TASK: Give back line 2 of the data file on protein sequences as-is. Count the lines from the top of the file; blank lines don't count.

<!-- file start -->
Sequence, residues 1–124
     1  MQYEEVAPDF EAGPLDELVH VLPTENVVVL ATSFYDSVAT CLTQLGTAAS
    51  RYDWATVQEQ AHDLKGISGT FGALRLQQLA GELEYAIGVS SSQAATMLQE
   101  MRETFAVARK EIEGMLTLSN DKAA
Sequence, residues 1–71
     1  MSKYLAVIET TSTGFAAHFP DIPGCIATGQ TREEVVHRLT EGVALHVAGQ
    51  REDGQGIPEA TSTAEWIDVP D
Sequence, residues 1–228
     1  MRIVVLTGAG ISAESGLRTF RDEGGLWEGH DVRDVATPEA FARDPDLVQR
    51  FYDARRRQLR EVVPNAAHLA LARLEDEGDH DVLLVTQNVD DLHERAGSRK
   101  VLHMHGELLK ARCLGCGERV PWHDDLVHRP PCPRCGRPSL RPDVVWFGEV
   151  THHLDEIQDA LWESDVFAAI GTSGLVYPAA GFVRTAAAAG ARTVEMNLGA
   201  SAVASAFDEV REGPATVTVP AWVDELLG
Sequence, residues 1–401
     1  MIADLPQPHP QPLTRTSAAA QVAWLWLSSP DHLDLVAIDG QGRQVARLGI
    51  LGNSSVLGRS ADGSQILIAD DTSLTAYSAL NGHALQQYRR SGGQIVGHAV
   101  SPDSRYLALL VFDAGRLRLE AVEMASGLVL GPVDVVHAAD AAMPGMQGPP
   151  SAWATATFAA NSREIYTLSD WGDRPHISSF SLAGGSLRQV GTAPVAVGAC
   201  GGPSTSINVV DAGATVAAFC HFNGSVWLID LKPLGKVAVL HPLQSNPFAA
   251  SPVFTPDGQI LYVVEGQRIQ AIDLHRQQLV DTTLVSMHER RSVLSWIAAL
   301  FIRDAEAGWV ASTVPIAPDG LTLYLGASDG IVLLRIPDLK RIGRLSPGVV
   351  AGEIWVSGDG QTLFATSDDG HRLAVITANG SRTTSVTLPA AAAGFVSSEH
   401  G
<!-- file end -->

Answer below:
     1  MQYEEVAPDF EAGPLDELVH VLPTENVVVL ATSFYDSVAT CLTQLGTAAS